The bombing that brought Michael Barrett to the gallows was a bid to liberate these men … and it did not pause for subtlety. The conspirators simply wheeled a barrel of gunpowder up to the wall of the facility when they expected the inmates to be at exercise in the adjacent yard. The explosion blasted a 60-foot gap in the wall; the inward-collapsing rubble might easily have been the death rather than the salvation of the prospective beneficiaries, except that they weren’t actually in the yard at all — nobody was there, and nobody escaped Clerkenwell.
But numerous working-class families lived in little tenements opposite the prison and were there, and in fact Clerkenwell had a reputation for political radicalism and Fenian sympathy. This monstrous new “infernal machine” tore through Clerkenwell homes, leaving 12 people dead and numerous buildings near to collapse, while windows and chimneys shivered to pieces all up and down the block.
Improvised struts shore up damaged buildings opposite the wall of Clerkenwell Prison reduced to rubble by the December 13, 1867 Fenian bombing.
Karl Marx, a strong supporter of the Irish cause, despaired this counterproductive turn towards terrorism: “The London masses, who have shown great sympathy towards Ireland, will be made wild and driven into the arms of a reactionary government. One cannot expect the London proletarians to allow themselves to be blown up in honour of Fenian emissaries.”
English reformer Charles Bradlaugh agreed. “The worst enemy of the Irish people could not have devised a scheme better calculated to destroy all sympathy,” he wrote.
Punch magazine depicts the Clerkenwell bomber(s) as the “Fenian Guy Fawkes“.
Considering the magnitude of the crime, someone would have to pay for it. That Barrett was that someone did not sit well for many.
Five men and a woman stood trial at the Old Bailey in April for the Clerkenwell outrage, but Barrett was the only one of them convicted, a terribly inadequate investigation/prosecution outcome given the infamy of the crime.
That conviction stood on the basis of disputed eyewitness identifications: Barrett produced witnesses who said he was in Glasgow when the bomb went off, while the crown found others who would swear he was actually in London. (The length of Barrett’s whiskers on specific dates in late November and early December forms a running subplot of the dueling testimonies.)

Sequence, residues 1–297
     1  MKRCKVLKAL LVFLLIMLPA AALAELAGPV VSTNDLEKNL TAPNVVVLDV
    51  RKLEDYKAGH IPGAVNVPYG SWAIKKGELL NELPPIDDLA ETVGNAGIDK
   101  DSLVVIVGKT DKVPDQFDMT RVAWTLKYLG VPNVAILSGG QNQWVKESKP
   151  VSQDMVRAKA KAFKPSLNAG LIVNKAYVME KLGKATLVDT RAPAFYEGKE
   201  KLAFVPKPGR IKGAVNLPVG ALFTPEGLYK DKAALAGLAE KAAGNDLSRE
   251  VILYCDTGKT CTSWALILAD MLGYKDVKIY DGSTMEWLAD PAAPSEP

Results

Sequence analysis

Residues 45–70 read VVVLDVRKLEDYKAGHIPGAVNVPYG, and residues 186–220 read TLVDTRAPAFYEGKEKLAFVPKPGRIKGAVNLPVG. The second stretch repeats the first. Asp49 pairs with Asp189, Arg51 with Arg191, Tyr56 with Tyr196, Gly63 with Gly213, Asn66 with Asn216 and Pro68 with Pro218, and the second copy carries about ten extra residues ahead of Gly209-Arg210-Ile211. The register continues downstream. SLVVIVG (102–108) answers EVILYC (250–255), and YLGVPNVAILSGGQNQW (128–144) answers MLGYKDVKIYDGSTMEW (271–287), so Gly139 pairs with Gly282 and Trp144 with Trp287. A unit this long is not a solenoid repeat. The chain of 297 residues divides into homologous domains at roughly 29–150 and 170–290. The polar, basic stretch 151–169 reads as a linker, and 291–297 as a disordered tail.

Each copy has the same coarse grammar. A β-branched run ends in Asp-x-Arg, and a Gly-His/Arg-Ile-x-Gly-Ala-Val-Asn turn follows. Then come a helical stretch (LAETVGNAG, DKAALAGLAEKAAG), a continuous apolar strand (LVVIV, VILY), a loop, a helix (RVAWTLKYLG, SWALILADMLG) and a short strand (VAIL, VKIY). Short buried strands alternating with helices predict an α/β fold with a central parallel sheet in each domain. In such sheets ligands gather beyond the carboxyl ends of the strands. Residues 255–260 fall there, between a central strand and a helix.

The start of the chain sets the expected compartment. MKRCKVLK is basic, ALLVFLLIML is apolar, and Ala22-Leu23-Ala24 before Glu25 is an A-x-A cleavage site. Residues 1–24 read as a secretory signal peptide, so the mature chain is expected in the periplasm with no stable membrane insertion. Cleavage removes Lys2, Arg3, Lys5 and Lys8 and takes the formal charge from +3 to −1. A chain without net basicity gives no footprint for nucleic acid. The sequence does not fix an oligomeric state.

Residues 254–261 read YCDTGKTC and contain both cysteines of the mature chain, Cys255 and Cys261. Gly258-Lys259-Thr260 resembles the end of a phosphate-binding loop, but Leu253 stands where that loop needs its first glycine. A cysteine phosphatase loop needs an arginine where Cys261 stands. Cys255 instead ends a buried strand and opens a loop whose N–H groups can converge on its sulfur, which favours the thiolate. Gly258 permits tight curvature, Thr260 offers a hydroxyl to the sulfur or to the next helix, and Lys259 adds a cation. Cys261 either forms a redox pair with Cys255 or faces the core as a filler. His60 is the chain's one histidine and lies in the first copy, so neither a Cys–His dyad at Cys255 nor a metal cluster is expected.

The reliability and even the good faith of all such winesses might well be impugned. A highly questionable stool pigeon named Patrick Mullany who ducked prosecution by turning crown’s evidence, charged that Barrett personally set off the ordnance.
To give me credit for such an undertaking is utterly absurd; being, as I am, a total stranger to acts of daring, and without any experience which would in any way fit me for engaging in such an enterprise. Is it not ridiculous to suppose that in the City of London, where … there are ten thousand armed Fenians, they would have sent to Glasgow for a party to do this work, and then select a person of no higher standing and no greater abilities than the humble individual who now stands convicted before you? To suppose such a thing is a stretch of imagination that the disordered minds of the frightened officials of this country could alone be capable of entertaining.
If it is murder to love Ireland more dearly than life, then indeed I am a murderer. If I could in any way remove the miseries or redress the grievances of that land by the sacrifice of my own life I would willingly, nay, gladly, do so. if it should please the God of Justice to turn to some account, for the benefit of my suffering country, the sacrifice of my poor, worthless life, I could, by the grace of God, ascend the scaffold with firmness, strengthened by the consoling reflection that the stain of murder did not rest upon me, and mingling my prayers for the salvation of my immortal soul with those for the regeneration of my native land.
Benjamin Disraeli’s government could not in the end realistically entertain the agitation from liberal and radical circles for sparing Barrett, because that would mean that nobody would hang for Clerkenwell. But as the next day’s edition of Reynold’s News noted, “Millions will continue to doubt that a guilty man has been hanged at all; and the future historian of the Fenian panic may declare that Michael Barrett was sacrificed to the exigencies of the police, and the vindication of the good Tory principle, that there is nothing like blood.”
Three months after Barrett made that expiation, England officially began its era of fully private hangings behind prison walls.
* James Joyce hung out with a (much-older) Joseph Casey in Paris in the early 20th century. Yes, that’s in Ulysses too: “He prowled with Colonel Richard Burk, tanist of his sept, under the walls of Clerkenwell and crouching saw a flame of vengeance hurl them upward in the fog. Shattered glass and toppling masonry. In gay Paree he hides, Egan of Paris, unsought by any save by me.”